By Joan Wojcik
In 2014, three young entrepreneurs forever changed a blighted East Village block into a unique, thriving entertainment center, called Quartyard. It was the brainchild of three architectural students, David Loewenstein, Phillip Auchettl, and Jason Grauten, who named their company Rad Lab.
Quartyard is a pop-up block comprised mainly of inexpensive shipping containers, which can be easily disassembled and relocated to another distressed urban block.
The concept for Quartyard was based on other successful pop-up blocks. Rad Lab combined the concepts of the Box Park, which is an upscale retail pop-up block located in London, along with the food-based smaller pop-up block called Proxy, located in Hays Valley, California.
Once Loewenstein, Auchettl and Grauten created the design for Quartyard, it was submitted as their senior thesis at the NewSchool of Architecture and Design. Their thesis won great recognition from the school and the young entrepreneurs were ready to bring their concept, Quartyard, to reality.
Rad Lab went in search of a vacant, blighted lot in the East Village area of Downtown San Diego. A city-owned block on Park Boulevard and Market Street that gravely needed activating was selected for the future home of Quartyard.
This particular block had been a magnet for criminal activity and was the target of constant complaints from nearby residents. Working with the city, Rad Lab finally negotiated a 28-month temporary lease for the lot. The entrepreneurs raised an initial fund of $60,000 to jumpstart the project.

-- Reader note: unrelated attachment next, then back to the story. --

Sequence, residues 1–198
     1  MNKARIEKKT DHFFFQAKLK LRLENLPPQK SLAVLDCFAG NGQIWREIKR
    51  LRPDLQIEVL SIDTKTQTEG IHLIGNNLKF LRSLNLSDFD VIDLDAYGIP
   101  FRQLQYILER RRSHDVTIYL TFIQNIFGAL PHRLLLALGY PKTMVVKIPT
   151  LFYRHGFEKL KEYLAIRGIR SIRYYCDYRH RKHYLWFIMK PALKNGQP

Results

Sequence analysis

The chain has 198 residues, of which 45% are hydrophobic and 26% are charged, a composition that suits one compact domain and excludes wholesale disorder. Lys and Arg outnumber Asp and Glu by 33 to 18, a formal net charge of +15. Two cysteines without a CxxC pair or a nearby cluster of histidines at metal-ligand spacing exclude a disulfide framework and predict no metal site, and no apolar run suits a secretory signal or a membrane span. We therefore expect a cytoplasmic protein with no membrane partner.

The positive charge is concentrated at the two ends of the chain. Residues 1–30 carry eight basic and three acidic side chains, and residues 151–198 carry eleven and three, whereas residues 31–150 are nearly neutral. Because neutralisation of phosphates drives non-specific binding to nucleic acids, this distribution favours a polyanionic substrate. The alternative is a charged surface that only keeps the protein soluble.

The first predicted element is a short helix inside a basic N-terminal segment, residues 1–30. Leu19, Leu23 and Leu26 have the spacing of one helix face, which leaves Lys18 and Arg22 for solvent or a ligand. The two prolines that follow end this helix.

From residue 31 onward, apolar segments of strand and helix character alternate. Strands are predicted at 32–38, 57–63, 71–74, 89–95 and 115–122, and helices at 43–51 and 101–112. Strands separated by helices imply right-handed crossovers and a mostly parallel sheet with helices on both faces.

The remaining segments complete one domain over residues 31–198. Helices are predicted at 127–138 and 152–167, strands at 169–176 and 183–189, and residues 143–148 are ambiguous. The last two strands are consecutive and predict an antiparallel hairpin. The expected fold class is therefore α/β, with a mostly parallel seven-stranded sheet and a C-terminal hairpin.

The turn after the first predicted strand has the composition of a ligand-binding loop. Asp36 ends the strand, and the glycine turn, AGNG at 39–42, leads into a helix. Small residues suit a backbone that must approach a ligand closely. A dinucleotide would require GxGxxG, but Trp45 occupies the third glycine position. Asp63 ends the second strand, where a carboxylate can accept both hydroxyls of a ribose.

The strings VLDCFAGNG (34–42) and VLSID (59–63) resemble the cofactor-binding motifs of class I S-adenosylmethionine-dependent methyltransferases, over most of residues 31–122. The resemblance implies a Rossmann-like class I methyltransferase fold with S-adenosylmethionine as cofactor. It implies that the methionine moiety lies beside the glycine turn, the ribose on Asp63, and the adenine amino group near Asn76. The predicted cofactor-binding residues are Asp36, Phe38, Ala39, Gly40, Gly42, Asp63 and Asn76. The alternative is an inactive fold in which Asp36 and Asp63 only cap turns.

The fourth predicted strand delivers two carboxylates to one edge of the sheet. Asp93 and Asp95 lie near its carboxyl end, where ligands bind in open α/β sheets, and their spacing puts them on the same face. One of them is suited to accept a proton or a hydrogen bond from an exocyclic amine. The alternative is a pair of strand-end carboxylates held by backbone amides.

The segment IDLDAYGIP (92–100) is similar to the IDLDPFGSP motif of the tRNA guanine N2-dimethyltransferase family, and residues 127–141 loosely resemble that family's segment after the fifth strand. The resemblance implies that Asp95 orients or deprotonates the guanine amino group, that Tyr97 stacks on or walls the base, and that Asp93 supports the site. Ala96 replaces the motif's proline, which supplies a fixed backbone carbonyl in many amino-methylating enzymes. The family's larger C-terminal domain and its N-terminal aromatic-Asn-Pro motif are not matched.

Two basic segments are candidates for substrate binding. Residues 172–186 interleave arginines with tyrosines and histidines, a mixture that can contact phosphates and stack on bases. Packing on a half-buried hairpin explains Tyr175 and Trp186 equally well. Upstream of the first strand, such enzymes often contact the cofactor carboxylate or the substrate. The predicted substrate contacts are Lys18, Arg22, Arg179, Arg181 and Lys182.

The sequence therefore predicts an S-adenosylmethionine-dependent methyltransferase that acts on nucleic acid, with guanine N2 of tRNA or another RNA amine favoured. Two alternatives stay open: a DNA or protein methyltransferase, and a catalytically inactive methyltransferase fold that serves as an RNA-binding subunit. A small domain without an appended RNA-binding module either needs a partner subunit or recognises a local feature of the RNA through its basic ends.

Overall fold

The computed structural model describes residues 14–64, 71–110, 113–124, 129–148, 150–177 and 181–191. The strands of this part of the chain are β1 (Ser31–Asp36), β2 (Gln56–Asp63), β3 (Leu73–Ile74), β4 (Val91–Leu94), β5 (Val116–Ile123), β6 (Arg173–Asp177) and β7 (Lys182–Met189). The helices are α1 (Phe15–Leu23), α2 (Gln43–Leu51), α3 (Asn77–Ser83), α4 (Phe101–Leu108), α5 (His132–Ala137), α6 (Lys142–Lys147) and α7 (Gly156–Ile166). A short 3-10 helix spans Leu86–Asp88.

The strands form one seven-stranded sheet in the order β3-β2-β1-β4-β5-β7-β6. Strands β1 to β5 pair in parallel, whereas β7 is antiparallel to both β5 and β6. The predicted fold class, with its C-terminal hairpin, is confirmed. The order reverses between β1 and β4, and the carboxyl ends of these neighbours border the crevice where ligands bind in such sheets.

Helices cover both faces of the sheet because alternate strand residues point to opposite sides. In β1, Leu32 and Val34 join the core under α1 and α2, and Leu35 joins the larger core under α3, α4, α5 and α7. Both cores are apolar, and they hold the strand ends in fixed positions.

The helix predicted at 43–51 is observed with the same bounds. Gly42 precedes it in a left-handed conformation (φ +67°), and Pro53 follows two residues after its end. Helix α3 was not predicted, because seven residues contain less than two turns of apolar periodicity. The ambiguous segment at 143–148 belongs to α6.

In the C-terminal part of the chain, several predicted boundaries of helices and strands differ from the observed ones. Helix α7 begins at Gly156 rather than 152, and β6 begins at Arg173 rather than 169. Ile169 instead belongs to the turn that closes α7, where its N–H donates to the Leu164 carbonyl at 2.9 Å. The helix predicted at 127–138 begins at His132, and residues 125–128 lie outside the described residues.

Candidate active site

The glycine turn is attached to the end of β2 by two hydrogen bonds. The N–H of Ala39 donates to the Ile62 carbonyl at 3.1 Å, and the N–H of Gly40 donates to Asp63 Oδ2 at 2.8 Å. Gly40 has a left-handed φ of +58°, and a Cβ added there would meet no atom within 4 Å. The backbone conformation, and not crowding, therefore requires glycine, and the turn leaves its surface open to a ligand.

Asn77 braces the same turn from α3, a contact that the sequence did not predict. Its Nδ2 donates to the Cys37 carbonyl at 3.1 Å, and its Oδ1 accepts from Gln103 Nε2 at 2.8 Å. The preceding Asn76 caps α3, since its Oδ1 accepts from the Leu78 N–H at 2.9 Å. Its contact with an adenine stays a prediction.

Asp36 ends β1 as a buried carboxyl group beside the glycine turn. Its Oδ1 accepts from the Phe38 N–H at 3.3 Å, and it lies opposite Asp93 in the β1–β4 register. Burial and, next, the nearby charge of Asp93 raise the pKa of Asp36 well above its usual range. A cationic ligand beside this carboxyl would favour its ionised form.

Quartyard officially opened its doors on March 2015 to a sold-out event. The 23,000-square-foot vacant lot was transformed into an exciting place to mingle with friends and neighbors.
The retrofitted shipping containers were used to house food and drinking establishments and a 5,000-square-foot dog park, the only dog park in East Village, quickly became the most popular area on the site by both dogs and dog lovers.
Food trucks arrive daily with appetizing specialty foods. A 500-square-foot stage was erected for live music performances. As the success of the Quartyard grew, a farmers market was soon included, together with the addition of art galleries and other crafts.
Over the last year and a half, the Quartyard experiment has been very successful but it was always meant to be temporary. In a year the stage will be dismantled, the shipping containers removed, and the activated block will be no more.
The Holland Partners Group is in negotiations with the city to purchase the soon-to be once again vacant lot at the corner of Park Boulevard and Market Street for development of a proposed 34-story mixed-use, high-rise.
And what is in the future for Quartyard?
Though Quartyard will be at its current location for at least another year, Loewenstein spoke about the future from his office, a converted shipping container located at the Quartyard site.
“Rad Lab is looking for a future home for Quartyard,” Loewnstein said. “Several locations are being explored but none have yet to be selected. We are definitely looking in East Village.”
Loewenstein explained that although Rad Lab loves East Village, they are also exploring other areas of San Diego, as well as other cities in California. Potentially, Rad Lab would like to operate more than one Quartyard in San Diego.
“The future is bright,” he said. “And the support of the community was amazing.”
The success of Quartyard validated the thesis submitted over two years ago by three young entrepreneurs. Watch for more news on the new location for Quartyard.
For more info about Quartyard, visit radlabs.com/quartyard.